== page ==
Genoa and hundreds of other bridges

Spectacular, modern and sustainable: Salini Impregilo (WeBuild) and its iconic bridges around the world

The Bronx is one of the most traffic-congested boroughs in New York City. And like the rest of the city, much of its infrastructure is old and not up to the task of handling the Big Apple’s traffic, which has grown exponentially in recent years.

The new Unionport Bridge on the Bruckner Expressway crossing over Westchester Creek is on a crucial traffic artery in the Bronx. It is being built by Salini Impregilo (WeBuild) to replace the one inaugurated in 1953, which was designed to support a daily transit of 60,000

The Unionport is one of hundreds of bridges and viaducts built by Salini Impregilo (WeBuild) around the world. Placed side by side, these bridges and viaducts reach a total length of 946 kilometres (588 miles).

These infrastructure projects have become icons of a city or region, like the new bridge in Genoa, which is approaching its completion in record time. Or like the Skytrain in Sydney, which is a highly complex work of advanced engineering. Their impact is significant, especially because they help to overcome geographical barriers and allow regions and states to transport medicines, food, security services and territorial protection, which are particularly necessary in this Covid-19 emergency.

When Salini Impregilo’s (WeBuild) bridges are strategic for trade

In Long Beach, California, Salini Impregilo is currently completing the construction of a long-awaited bridge at the city’s immense port. The work replaces the old Gerald Desmond Bridge, inaugurated in 1968 and now inadequate to support traffic from Terminal Island to Long Beach. The bridge connects one of the most important commercial shipping terminals in the United States with the rest of the country.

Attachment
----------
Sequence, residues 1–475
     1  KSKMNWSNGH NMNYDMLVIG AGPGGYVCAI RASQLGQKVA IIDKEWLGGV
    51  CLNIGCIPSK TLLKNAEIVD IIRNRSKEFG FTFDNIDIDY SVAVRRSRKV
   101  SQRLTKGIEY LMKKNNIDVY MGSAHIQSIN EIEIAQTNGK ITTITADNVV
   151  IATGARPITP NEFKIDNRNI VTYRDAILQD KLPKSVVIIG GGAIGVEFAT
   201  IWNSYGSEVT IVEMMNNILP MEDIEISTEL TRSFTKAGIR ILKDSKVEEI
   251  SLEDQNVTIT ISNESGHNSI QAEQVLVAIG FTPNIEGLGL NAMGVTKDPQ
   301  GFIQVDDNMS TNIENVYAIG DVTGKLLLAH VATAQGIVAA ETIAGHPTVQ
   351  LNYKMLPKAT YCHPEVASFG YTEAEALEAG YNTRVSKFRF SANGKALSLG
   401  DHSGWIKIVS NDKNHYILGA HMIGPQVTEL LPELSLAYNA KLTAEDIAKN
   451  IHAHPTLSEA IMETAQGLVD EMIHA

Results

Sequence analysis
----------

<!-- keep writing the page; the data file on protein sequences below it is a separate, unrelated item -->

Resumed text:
The new Gerald Desmond Bridge, now close to completion, is a strategic work because 15% of the goods imported into the United States by sea are unloaded at the Long Beach port, and are then transported across the country.

Equally strategic for trade is the 608-metre (377-foot) cable-stayed Rosario-Victoria Bridge in South America, built by Salini Impregilo. The bridge, which stretches across the Rio Paranà, is a connecting route for the transport of four countries: Chile, Argentina, Uruguay and Brazil. The main bridge is part of a 59.4-kilometre-long (37 feet) stretch of viaducts and 12 smaller bridges that join the cities of Rosario and Victoria. It has made it possible to halve travel times on the much longer route previously taken by cars and trucks.

Rosario Victoria Bridge

Modern and spectacular

From Australia to Latin America, from Europe to the United States, from Africa to Asia, bridges are important tools for development, and also often become icons imprinted in the collective imagination.

One of these iconic bridges is the Fatih Sultan Mehmet, the second bridge over the Bosphorus. In addition to its beauty and grandeur (the main span is 1,090 metres long, or 3,576 feet), it connects a 247 kilometre (153 long) long motorway linking the cities of Kinali, in Europe, to that of Kazanci in Asia. The bridge was built by Salini Impregilo (WeBuild) between 1985 and 1994 and in the seven years following its inauguration, trade between the surrounding areas increased 31.8%.

Or another example is the cable-stayed bridge on Sydney Metro’s 4.6 kilometre-long (2.8-mile) elevated skytrain viaduct on the new NorthWest line, where it runs between the Bella Vista and Rouse Hill areas. The bridge has received Australia’s top awards for innovation and sustainability, for its role in terms of infrastructure as well as for the design of construction techniques and materials to minimise environmental impact. The viaduct, which crosses a densely populated area of the city at an average height of 10-13 metres (32-42 feet) above ground, is part of a 23-kilometre (14-mile) line with 8 stations. The bridge is the most spectacular highlight of the fully automated Sydney Metro project, the major plan to invest in sustainable mobility for the city’s future.

Salini Impregilo’s (WeBuild) bridges: a story that comes from afar

Salini Impregilo’s expertise in the world of bridges stretches back to 1914, when one of the companies that would later form the Group built the Recco bridge, a railway viaduct connecting northern and central Italy. The bridge was destroyed by bombing during World War II and then rebuilt. In the 1930s, Salini Impregilo built the spectacular viaducts of the Trans-Iranian railway, one of the most incredible engineering works of the last century.

In over 114 years of history, the Group has built 285 projects that contain, in turn, hundreds of bridges and viaducts. Many of these are in Italy, such as the striking Sfalassà and Favazzina viaducts suspended between the Apennine mountains along the Salerno-Reggio Calabria motorway. And then in Colombia, in Brazil, and many other countries, where a new bridge becomes an opportunity for development and the tool of a collective drive towards the future.